Ben and Mattie were married October 7, 2017, and she admits milestones are still hard times. “Definitely they are. With each passing, they become a little more sweet and a little less sorrowful,” she says. “So, I can only hope and imagine that with each coming year that continues. There will always be a scar on all of those days, but I think that sadness becomes a little more of a sweet memory with each one that has passed. That’s how healing works.”
Jackson Selecman says the title Lemons on Friday, started with her journals. “When I started working on the book, I went back to my journals that I kept to process everything and somewhere in there the thought ‘make lemonade out of lemons’ came into my head,” she says. “I remember thinking that isn’t possible with this. There’s no way I can take something this bitter and sour and unwanted and make some good out of it and that is when my whole mantra of surrender started because I knew I couldn’t. It was like if anything good is going to come from this, I have to surrender it to God. He’s the only one who can bring good out of this, but how do I be honest about how sour and bitter and awful this is and also be honest about the promises that I believe are true for me because you have to hold both.
“And I thought, ‘This is probably how the disciples felt on crucifixion Friday.’ They knew Jesus. They knew the promises there. They were like, ‘There has to be something good that comes because he said it would, but we’re standing here at the cross and how can that be true?’ That’s just the whole life we live is broken things happen. Painful things happen and God will redeem them, but while we’re standing in the middle, how do we hold the hope and the hurt?”
When asked what message she hopes readers will take away from her book, Selecman responds, “Be totally honest about your pain, whatever that looks like on whatever day and do the hard thing that you want so desperately to avoid. Lean into that because that’s where the real healing happens. . . Ask God into the worst moments. He heals in the deepest places, so don’t be afraid to feel those pains, the full impact.
“And then I would also say just be honest with your people around you and tell them what you need. I felt like for a long time it was a burden on people. It was such a heavy story. I didn’t want them to have to carry it and that’s not at all how they felt. They were dying to be there for me, so finally when I said, ‘I’m not a burden. They are wanting to love me, and me loving them is telling them what I need and loving them back.’ So be honest. Be honest with yourself through God, through people and do it 24 hours at a time. That’s what I keep telling people. I want it to be fixed as quickly as possible and it just doesn’t happen. It’s day by day and then one day you wake up and it’s three years later and it’s a book.”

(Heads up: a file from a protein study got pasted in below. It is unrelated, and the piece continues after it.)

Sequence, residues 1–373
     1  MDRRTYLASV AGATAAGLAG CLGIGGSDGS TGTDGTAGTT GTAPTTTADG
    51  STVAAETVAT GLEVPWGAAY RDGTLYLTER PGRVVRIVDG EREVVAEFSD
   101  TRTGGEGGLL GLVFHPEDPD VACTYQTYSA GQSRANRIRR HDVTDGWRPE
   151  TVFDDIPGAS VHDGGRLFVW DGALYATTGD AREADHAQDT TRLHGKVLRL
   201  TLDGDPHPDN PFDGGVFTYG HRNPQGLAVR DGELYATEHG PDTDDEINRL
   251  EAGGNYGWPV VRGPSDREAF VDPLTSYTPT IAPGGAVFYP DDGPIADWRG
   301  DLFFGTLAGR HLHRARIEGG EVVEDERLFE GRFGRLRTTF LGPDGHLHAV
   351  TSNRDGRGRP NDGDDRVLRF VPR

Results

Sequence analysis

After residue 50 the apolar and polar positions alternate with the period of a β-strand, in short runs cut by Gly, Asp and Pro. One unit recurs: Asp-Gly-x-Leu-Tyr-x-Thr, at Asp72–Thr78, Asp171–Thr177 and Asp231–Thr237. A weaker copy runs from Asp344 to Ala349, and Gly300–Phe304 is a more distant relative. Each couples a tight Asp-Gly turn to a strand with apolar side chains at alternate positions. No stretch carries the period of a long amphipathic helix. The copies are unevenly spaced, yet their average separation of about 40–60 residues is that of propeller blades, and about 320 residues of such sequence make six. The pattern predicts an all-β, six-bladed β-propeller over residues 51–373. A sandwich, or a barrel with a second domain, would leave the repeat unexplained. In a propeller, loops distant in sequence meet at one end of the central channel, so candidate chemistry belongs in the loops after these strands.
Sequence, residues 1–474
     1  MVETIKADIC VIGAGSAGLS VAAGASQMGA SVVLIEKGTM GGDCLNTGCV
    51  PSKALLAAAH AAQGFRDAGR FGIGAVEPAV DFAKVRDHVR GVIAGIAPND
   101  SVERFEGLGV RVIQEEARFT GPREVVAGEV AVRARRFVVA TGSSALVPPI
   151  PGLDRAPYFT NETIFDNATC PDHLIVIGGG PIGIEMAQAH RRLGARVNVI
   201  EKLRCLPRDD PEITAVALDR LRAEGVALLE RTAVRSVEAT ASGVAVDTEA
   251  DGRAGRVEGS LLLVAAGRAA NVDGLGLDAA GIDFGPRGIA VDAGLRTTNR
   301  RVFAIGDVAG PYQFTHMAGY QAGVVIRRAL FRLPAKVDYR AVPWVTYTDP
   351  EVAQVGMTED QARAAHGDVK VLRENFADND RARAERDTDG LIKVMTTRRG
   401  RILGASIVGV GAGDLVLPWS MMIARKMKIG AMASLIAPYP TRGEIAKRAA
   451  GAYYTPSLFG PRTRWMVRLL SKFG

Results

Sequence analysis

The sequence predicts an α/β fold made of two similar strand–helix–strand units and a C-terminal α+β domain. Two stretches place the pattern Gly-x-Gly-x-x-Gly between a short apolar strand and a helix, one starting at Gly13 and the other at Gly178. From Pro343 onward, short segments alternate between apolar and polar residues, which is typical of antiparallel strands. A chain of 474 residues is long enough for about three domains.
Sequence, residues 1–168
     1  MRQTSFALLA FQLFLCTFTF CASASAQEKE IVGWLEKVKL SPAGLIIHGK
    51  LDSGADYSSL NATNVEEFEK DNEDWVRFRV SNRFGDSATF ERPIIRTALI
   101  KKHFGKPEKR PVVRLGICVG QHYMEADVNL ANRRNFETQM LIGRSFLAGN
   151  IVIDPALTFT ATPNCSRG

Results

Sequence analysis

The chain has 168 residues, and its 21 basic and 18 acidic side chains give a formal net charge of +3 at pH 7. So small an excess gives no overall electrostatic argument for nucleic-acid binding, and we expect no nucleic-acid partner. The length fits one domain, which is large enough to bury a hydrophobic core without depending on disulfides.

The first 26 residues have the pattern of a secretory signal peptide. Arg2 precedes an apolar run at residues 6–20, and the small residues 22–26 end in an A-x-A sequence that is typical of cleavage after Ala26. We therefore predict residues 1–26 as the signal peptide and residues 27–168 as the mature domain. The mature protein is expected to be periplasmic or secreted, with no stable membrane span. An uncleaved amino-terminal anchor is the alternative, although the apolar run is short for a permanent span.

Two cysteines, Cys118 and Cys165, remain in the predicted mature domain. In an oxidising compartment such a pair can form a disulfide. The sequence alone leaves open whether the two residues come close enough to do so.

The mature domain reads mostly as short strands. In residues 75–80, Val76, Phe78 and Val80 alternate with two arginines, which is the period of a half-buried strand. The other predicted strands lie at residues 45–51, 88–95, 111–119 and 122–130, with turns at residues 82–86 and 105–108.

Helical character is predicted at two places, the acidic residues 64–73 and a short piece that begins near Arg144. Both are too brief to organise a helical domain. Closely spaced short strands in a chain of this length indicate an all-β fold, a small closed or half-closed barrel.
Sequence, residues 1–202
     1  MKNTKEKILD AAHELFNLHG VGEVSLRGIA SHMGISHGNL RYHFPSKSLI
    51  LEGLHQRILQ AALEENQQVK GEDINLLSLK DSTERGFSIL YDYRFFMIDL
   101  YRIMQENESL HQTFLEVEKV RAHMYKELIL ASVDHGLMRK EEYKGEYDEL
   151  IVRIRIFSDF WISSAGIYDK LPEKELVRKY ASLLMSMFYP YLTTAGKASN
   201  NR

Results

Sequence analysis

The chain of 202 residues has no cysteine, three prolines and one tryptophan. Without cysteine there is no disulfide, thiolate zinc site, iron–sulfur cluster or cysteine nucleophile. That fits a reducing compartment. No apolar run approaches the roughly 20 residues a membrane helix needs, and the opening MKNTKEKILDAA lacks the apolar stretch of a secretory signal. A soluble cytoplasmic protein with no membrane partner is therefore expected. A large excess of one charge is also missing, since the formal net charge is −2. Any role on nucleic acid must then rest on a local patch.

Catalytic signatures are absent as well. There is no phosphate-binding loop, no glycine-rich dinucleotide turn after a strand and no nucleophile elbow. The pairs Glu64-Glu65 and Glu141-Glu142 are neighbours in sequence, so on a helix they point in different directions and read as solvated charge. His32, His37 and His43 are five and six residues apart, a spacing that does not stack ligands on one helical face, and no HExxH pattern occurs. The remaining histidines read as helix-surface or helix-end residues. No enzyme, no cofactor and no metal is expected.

In addition to her career as an author and speaker, Selecman is also co-founder of NaSHEville, a philanthropic merchandise brand she started with her business partner Brooke Tometich to help women and children in need, specifically orphans, widows, and trafficked women. A graduate of the University of Tennessee with a degree in creative writing, Selecman is also a certified sommelier and previously owned a wine bar in Nashville. In the book’s foreword, Selecman’s mom shares that Mattie had always wanted to be a writer, but the young author/entrepreneur admits this is not how she would have chosen to begin her career. “I hope that this opens the door to what I really feel I’ve been called to do,” she says. “I do hate that this is my first story to tell the world, but I also am proud to tell it because it is about love, and it is about hope and it is about endurance. And that’s what life is, so to come out with such an unwanted, but profound messages is powerful and I’m grateful to be entrusted with it. I hope there’s more down the road. I’ve got ideas.”